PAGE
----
Yesterday, I did an in-house distribution of a LSB compliant Qt binary. It worked on all the LSB 3.0 compliant systems we have here, and with some smaller “workarounds” (aka hacks), also on LSB 2.0 systems.
Building an LSB-complying Qt app is easy. Grab the lsb build environment from linuxbase.org (you need the latest lsb-build-*.rpm) and add /opt/lsb/bin to your PATH. To build an LSB app, you should use lsbcc instead of gcc. If you’re following the recent Qt snapshots, you might have noticed a new qmake spec called linux-lsb. Setting the environment variable QMAKESPEC to linux-lsb will tell qmake to compile with lsbcc instead of gcc.
After the environment is set up, all there is to do is a qmake && make. If the project links to non-LSB certified libraries, lsbcc will automatically link them statically to make sure that the resulting binary does not rely on libraries/symbols that might not exist on all distributions.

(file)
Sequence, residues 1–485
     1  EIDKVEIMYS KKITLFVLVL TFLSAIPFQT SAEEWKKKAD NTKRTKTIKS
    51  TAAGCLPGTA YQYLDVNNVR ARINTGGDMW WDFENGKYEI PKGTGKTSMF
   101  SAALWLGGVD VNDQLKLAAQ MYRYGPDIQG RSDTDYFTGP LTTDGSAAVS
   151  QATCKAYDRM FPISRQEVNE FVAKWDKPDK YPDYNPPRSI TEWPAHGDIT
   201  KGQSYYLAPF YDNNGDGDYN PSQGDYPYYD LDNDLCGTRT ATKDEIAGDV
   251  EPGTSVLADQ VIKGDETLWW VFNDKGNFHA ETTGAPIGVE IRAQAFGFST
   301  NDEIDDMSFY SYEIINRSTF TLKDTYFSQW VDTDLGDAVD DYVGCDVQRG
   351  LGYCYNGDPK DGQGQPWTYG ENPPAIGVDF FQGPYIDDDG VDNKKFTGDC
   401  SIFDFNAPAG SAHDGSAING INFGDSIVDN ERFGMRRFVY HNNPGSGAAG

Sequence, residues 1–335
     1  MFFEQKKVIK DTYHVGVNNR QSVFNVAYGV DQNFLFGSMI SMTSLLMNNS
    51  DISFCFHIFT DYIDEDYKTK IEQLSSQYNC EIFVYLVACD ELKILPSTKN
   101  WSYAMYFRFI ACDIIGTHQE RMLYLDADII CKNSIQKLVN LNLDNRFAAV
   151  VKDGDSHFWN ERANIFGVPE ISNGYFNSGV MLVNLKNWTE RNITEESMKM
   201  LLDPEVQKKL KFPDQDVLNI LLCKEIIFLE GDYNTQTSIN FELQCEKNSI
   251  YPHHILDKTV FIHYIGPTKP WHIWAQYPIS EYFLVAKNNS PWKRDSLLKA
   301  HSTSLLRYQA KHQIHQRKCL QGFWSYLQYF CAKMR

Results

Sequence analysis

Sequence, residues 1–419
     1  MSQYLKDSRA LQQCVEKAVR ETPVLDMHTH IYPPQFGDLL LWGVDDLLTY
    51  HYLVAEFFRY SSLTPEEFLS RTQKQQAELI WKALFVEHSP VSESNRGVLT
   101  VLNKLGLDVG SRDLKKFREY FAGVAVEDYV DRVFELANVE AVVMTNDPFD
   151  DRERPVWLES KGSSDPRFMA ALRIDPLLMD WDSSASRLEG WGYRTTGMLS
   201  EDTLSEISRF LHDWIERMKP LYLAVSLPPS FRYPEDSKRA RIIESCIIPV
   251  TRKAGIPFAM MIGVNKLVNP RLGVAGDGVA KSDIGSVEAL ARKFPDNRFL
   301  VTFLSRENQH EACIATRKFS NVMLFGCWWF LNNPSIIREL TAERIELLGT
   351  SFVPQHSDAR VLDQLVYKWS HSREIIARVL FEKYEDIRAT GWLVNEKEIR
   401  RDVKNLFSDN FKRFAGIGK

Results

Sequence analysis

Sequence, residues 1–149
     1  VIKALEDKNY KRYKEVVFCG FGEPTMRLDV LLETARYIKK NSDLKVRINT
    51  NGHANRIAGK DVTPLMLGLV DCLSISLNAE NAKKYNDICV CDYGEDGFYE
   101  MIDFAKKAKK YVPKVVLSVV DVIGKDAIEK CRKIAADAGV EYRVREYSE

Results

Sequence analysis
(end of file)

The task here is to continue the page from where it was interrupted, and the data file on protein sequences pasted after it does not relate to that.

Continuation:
Deployment is a bit trickier. The lsb-desktop standard is not released yet, so we have to ship our own LSB-conforming Qt. This is easily done by building Qt itself with the linux-lsb makespec and with rpath support (since we don’t want to install it into /usr/lib).
Here are the commands I used to create the binary:
./configure -platform linux-lsb -release -no-qt3support --prefix=/opt/myapp
sudo make install_qmake install_mkspecs
sudo make -C src install
sudo cp myapp /opt/myapp/bin
For the package, you need /opt/myapp/lib/libQt*.so.4, the /opt/myapp/plugins directory and /opt/myapp/bin/myapp. Since Qt was built using --prefix, it sets an rpath when linking your application, so you don’t need to worry about LD_LIBRARY_PATH when executing your application.
After everything is built successfully, we need to create an RPM package. The LSB book has a nice example how to do so. To install the RPM on Debian-based systems, you can use alien -i.
Unfortunately, Kubuntu doesn’t support LSB 3.0 yet, but with a small and evil hack, it’ll run our application (sudo ln -s /lib/ld-lsb.so.2 /lib/ld-lsb.so.3).